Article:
Eskimo–Aleut languages


Eskimo–Aleut or Eskaleut is a language family native to Alaska, the Canadian Arctic (Nunavut and Inuvialuit Settlement Region), Nunavik, Nunatsiavut, Greenland, and the Chukchi Peninsula on the eastern tip of Siberia.

It is also known as Eskaleutian, Eskaleutic, or Inuit–Yupik-Unangan.

The Eskimo–Aleut language family is divided into two branches, the Eskimo languages and the Aleut language.

The Aleut language family consists of a single language, Aleut, spoken in the Aleutian Islands and the Pribilof Islands. Aleut is divided into several dialects.

The Eskimo languages are divided into two branches, the Yupik languages, spoken in western and southwestern Alaska and in easternmost Siberia, and the Inuit languages, spoken in northern Alaska, in Canada, and in Greenland.

Inuit, which covers a huge range of territory, is divided into several varieties. Neighbouring varieties are quite similar, although those at the farthest distances from the centre in the Diomede Islands and East Greenland are quite divergent.

The proper place of one language, Sirenik, within the Eskimo family has not been settled. Some linguists list it as a branch of Yupik, others as a separate branch of the Eskimo family, alongside Yupik and Inuit.

The Alaska Native Language Center believes that the common ancestral language of the Eskimo languages and of Aleut divided into the Eskimo and Aleut branches at least 4000 years ago.

The Eskimo language family divided into the Yupik and Inuit branches around 1000 years ago.

The Eskimo–Aleut languages are among the native languages of the Americas. This is a geographical category, not a genealogical one.

The Eskimo–Aleut languages are not demonstrably related to the other language families of North America and are believed to represent a separate, and the last, prehistoric migration of people from Asia.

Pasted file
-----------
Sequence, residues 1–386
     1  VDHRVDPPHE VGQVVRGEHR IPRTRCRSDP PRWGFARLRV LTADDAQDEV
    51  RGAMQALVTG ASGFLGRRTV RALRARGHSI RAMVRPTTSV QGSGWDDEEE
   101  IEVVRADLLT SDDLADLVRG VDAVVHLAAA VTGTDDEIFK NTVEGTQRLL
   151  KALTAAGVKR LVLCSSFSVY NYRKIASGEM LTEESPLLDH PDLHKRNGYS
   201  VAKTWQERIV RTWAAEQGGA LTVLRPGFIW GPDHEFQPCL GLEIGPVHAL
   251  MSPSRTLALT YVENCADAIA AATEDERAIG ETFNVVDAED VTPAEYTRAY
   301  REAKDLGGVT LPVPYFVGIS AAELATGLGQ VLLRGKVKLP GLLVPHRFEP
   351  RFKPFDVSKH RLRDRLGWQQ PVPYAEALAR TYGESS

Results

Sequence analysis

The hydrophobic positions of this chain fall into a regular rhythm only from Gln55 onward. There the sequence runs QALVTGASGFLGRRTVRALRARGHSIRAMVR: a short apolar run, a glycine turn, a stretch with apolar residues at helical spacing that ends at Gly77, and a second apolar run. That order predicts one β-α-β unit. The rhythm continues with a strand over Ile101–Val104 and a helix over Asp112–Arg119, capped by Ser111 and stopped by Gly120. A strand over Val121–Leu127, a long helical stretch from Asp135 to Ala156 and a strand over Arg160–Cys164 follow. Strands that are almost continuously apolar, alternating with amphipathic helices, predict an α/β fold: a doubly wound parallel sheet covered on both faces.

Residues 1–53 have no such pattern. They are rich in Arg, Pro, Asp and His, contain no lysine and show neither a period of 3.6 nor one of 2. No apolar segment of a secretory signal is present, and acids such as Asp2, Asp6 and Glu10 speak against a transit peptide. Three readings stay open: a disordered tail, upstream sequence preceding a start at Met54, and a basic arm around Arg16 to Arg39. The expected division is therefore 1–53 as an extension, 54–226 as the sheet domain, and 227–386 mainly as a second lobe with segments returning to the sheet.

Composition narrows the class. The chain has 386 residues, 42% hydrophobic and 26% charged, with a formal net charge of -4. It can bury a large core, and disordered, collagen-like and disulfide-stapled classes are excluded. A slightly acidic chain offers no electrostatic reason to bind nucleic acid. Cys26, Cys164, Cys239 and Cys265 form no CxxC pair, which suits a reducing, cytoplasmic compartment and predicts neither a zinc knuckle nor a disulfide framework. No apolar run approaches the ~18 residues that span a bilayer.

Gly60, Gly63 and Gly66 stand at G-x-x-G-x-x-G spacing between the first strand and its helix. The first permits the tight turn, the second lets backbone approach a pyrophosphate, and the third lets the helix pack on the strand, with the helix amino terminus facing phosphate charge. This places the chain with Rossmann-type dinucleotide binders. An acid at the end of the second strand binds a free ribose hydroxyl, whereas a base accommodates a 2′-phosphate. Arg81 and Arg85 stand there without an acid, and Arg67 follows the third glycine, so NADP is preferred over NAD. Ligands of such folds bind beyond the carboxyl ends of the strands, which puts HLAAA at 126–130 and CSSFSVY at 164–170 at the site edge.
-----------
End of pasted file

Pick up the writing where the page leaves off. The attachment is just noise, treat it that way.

Eskimo–Aleut languages

  • Aleut
    • Western–Central dialects: Atkan, Attuan, Unangan, Bering (60–80 speakers)
    • Eastern dialects: Unalaskan, Pribilof (400 speakers)
  • Eskimo languages (or Yupik–Inuit languages)
    • Yupik (11,000 speakers)
      • Central Alaskan Yup’ik (10,000 speakers)
        • General Central Alaskan Yup’ik language (or Yugtun)
        • Chevak Cup’ik (or Cugtun)
        • Nunivak Cup’ig (or Cugtun)
      • Alutiiq or Pacific Gulf Yupik (400 speakers)
        • Koniag Alutiiq
        • Chugach Alutiiq
      • Central Siberian Yupik or Yuit (Chaplinon and St. Lawrence Island, 1,400 speakers)
        • Chaplinski
        • St. Lawrence Island Yupik (Sivuqaghmiistun)
      • Naukan (70 speakers)
      • Sirenik (extinct) (viewed as an independent branch by some)
    • Inuit (98,000 speakers)
      • Inupiaq or Inupiat (northern Alaska, 3,500 speakers)
        • Qawiaraq or Seward Peninsula Inupiaq
        • Inupiatun or Northern Alaska Inupiaq (including Uummarmiutun (Aklavik, Inuvik))
      • Inuvialuktun (western Canada, 765 speakers)
        • Siglitun (Paulatuk, Sachs Harbour, Tuktoyaktuk)
        • Inuinnaqtun (in Ulukhaktok also known as Kangiryuarmiutun)
        • Natsilingmiutut (Nattilik area, Nunavut)
      • Inuktitut (eastern Canada; together with Inuinnaqtun, 40,000 speakers)
        • Nunatsiavummiutut (Nunatsiavut, 550 speakers)
        • Nunavimmiutitut (Nunavik)
        • Qikiqtaaluk nigiani (South Baffin)
        • Qikiqtaaluk uannangani (North Baffin)
        • Aivilimmiutut (Eastcentral Nunavut)
        • Kivallirmiutut (Southeast Nunavut)
      • Greenlandic (Greenland, 54,000 speakers)
        • Kalaallisut (West Greenlandic, 50,000 speakers)
        • Tunumiisut (East Greenlandic, 3,500 speakers)
        • Inuktun or Avanersuaq (Polar Eskimo, approx 1,000 speakers)